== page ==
Is there anything you can do to survive online crises with your brand?
The short answer is; yes use the Internet!
The longer answer is having a plan and understanding that all brands even the biggest are vulnerable, brands like Dell and Wal-Mart know that well.
The first thing you need to do is to show humility, the Internet has a mind on its own and the only thing you can do is to have a plan and deal with it the best you can by being prepared.
A part of the plan should always be listening, have your eyes and ears open to the buzz out there. The Internet is the main venue for dejected customers and in most cases the brand owner does not have a clue on what is happening. Forums and blogs are being opened everyday and some with the sole purpose of writing “bad things” about product in behalf of unhappy customers.
So what happens when you find something that is not to your liking, true or untrue?
Deal with it; take it on without a delay. One of the best ways to solve most of brand attacks is to respond promptly and head on, go to the source. Remember that the very same costumer that wrote the complaint is waiting for your reaction and I have had cases where by talking directly to the blog/forum owner he removed the post and it was out of Google two weeks later, problem gone. In this case it was a typical story that could have spiraled and gone out of control.
But is it this simple? No not quite! But the only thing I have to say that is “be ready”, have an online crisis management plan in place. A plan that answers at least the following questions:
1. What do you do when some talks about your brand in a negative manner?
2. How do you push down negative pages out of the search engines
3. When you have dealt with the situation, will you communication channels open?
4. Monitor the activates on your own site, who is returning you traffic and why, are you using web analytics?
The adult industry versus Radisson SAS Iceland
One of my favorite cases where a decision on one site of the globe can affect something on the other side is the “Radisson SAS Iceland versus the European Adult conference Case”, long title on short story that goes like this. Two years back, the European Association of the Adult Industry in Europe (not fully sure of the name) was going to have their annual conference in Iceland, the topic? I am guessing, the Adult Industry in Europe. So few weeks before the event was going to take place, there rose an political issue on this in Iceland, we did not want to get a bunch of naked people to our small country and under pressure the Radisson SAS hotel management in Iceland cancelled and guess what it hit the media and for some two or three weeks if you Googeled Radisson SAS or phrases like adult entertainment or adult conference Radisson SAS and the Adult conference story came up.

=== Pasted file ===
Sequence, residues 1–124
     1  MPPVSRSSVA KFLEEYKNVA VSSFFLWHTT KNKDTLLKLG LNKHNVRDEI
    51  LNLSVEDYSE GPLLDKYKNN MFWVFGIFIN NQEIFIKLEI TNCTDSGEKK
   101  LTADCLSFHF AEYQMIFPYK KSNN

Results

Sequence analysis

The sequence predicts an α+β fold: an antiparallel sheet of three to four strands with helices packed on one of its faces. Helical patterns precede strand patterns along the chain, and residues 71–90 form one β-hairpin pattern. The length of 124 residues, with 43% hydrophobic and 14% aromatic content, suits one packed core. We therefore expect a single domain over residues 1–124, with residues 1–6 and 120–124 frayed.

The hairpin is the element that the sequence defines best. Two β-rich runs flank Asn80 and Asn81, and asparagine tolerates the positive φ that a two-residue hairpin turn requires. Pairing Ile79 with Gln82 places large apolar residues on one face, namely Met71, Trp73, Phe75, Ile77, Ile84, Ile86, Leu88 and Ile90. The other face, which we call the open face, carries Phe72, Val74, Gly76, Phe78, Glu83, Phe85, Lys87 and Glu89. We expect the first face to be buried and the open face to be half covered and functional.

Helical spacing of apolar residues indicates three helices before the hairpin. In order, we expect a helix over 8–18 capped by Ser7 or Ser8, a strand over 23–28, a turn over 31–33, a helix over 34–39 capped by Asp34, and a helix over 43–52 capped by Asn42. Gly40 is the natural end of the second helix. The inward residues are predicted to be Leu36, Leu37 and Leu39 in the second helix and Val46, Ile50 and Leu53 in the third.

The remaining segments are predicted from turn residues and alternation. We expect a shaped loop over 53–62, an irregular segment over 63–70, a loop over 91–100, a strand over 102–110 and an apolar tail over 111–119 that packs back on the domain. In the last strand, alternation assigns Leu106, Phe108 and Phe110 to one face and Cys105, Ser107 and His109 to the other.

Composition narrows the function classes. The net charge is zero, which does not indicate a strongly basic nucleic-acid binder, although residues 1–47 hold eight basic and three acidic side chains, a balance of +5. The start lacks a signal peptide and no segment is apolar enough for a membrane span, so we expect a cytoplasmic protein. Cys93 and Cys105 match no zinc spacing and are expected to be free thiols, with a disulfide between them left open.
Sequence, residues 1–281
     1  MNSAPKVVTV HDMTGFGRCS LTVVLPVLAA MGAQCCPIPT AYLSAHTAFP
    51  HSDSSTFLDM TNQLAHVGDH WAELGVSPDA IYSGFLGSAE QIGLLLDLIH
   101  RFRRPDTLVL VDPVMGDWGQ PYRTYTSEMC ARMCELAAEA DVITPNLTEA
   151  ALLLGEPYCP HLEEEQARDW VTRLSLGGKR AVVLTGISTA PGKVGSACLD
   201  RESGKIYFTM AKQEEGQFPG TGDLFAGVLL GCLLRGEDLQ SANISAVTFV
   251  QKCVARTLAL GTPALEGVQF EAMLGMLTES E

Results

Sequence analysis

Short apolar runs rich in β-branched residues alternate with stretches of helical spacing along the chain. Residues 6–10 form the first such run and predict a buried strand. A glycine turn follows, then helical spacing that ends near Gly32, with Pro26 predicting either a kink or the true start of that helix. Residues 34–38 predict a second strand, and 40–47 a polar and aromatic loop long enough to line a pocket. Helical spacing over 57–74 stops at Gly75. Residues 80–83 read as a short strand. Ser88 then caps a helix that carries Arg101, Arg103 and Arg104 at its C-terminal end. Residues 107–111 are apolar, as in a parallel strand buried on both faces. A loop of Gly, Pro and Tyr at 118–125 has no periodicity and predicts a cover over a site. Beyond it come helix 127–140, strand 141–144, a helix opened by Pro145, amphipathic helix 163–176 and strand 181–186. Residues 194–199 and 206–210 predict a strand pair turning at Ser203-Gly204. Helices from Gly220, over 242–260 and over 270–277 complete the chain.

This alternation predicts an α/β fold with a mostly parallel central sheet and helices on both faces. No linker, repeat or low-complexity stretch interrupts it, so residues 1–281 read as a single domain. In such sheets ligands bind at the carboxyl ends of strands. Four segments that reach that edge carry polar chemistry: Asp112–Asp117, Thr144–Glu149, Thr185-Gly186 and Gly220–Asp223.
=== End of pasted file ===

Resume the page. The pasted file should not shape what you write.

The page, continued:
This story as such was not such a problem, but the problem as I saw it was twofold:
1. They where opening a new hotel in Bahrain or Dubai at the same time, so when the travel reporter that wanted to write about the new hotel he found little but some adult conference problems in Iceland through Google News and knowing reporters this could pose a huge proplem. Even know Radisson will be connected with the adult industry through this post and will come up under some adult related search phrases at Google Blog and you might be here and reading this article because you got a Google Blog og Web Alert.
2. The there is the linking, if I remember correctly only handful of the sites picked this story up (15 – 20) and some other sites had their RSS-feeds but all in all around 30 sites had some information on this topic, but most based it on two or three original articles. So here is what I feared, imagine this story being picked up massively, by thousands of sites and all of the having a link to Radisson SAS front page with the phrase “adult conference” – Everybody that has even the most basic understanding of link-building will tell you that such scenario would be bad.
So start creating your online credibility, when you need it might be too late.
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